Everyone is fist pumping the dawn of the spring season, myself included. All of the cooking magazines and blogs are gushing about the onslaught of the strawberry season and extolling the virtues of fresh mango smoothies, avocados in your scrambled eggs, and fine fingerling potatoes with pesto this and that. All that talk has me slobbering like Beethoven (the dog, not the singer/songwriter), but the majority of these recipes are a like an exclusive Ivy League boys club I wasn’t invited too. Veggies that are in season in Mexico, California, and Mexicalifornia are just getting in the ground here on the right coast.
At the farm, we are just waking up to the spring. The only harvestable vegetable to speak of is asparagus, and it sure is ripe for the picking. There is more to the spring season, however, than a veggie that makes your pee smell funny. Winter and spring are a time for preparations that can either make or break your season. If you thought the summer was the only time farmers hustle, think again.
The ground needs to be prepped by ploughing last years cover crop, discing the ground again to break up any major clumps in the soil, harrowing to create a fine seed bed, and laying black plastic to keep the soil warm. But before those fields can be planted, seeds need to be sown in the greenhouse. Most seeds start in 288’s, then get transferred to 72’s or 50 cell trays once they’re larger. Since these seeds have been living in perfect conditions in the greenhouse, they need to be “hardened off”, the equivalent of taking a sexy hot tub and immediately partaking in the Polar Bear plunge. In other words, it’s a way of toughening up the plants for the real world. I could mention even more day to day tasks like rototilling, direct seeding, making mini-tunnels/greenhouses, tractor maintenance, weeding, hoeing, and harvesting asparagus to the day to day work, but I won’t.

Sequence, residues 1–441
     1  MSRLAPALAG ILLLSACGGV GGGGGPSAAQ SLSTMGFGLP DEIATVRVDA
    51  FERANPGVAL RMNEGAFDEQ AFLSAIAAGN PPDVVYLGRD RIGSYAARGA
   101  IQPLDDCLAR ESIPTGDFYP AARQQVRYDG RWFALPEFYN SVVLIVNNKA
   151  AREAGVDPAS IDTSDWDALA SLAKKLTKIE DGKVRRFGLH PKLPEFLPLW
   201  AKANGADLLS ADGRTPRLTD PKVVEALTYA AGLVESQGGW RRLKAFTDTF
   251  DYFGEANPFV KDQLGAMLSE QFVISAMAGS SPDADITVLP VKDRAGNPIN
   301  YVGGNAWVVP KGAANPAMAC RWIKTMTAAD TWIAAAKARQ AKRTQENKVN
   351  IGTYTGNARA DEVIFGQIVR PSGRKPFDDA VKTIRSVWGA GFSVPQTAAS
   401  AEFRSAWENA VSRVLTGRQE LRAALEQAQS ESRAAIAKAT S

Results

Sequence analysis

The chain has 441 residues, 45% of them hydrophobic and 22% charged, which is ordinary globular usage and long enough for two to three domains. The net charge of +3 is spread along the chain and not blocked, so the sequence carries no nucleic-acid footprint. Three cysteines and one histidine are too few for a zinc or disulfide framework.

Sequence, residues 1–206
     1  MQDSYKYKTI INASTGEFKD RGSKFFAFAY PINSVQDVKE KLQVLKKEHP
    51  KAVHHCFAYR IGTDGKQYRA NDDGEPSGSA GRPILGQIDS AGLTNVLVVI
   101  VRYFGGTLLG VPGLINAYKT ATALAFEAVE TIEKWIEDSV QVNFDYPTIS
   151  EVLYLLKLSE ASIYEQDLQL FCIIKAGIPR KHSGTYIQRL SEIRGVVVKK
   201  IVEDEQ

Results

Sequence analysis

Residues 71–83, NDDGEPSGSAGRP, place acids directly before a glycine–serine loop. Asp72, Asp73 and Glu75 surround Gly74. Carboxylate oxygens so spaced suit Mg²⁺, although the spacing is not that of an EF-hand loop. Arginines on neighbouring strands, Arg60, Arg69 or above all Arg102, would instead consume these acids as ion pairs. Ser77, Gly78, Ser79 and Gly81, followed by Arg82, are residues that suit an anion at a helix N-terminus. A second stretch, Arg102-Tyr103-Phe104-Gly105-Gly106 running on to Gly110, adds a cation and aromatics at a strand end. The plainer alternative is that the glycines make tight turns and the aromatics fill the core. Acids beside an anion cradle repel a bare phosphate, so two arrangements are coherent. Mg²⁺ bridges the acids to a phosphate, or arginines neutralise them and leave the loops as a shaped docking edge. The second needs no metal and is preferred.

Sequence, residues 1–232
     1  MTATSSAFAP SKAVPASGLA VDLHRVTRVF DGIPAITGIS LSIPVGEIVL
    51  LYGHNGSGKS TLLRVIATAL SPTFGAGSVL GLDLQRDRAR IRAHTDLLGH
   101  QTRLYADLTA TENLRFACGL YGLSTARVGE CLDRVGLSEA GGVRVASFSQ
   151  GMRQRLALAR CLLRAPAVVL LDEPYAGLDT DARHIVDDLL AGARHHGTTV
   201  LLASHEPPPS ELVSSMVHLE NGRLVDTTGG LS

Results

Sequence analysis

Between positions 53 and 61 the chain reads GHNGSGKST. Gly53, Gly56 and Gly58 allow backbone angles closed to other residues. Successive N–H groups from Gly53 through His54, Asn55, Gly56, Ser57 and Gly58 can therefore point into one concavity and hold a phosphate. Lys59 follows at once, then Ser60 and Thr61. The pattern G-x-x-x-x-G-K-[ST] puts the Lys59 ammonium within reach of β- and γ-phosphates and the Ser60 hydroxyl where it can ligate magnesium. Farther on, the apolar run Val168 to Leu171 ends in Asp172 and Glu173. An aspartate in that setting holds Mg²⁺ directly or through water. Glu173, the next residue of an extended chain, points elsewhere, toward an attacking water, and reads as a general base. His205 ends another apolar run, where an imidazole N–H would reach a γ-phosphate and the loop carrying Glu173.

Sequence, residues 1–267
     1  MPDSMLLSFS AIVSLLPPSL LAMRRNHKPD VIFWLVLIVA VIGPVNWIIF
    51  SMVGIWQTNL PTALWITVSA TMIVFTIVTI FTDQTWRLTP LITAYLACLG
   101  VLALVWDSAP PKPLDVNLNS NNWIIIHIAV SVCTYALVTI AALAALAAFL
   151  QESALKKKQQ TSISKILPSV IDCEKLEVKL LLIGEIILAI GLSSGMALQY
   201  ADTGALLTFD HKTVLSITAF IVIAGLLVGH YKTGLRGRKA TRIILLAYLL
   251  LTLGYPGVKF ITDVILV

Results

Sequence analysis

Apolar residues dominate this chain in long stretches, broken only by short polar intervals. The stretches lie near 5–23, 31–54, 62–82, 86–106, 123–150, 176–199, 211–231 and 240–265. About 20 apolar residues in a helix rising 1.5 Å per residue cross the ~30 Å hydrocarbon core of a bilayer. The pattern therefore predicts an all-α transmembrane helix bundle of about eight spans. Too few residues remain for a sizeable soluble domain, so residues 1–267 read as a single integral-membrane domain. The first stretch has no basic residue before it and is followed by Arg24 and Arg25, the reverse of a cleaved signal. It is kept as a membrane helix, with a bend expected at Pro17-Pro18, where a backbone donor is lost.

Here are some pics to give you an idea of early spring on the farm…get ready for mango and banana season here on Long Island!
Disclaimer: That last sentence is a witticrism (a witty criticism, oh snap new word). Despite a disconcertingly common belief that avocados, bananas, and mangos grow in the New England/Tri-State area, they don’t. Look out for arugula, spinach, radishes, peas, beans, and asparagus at a farm stand near you though!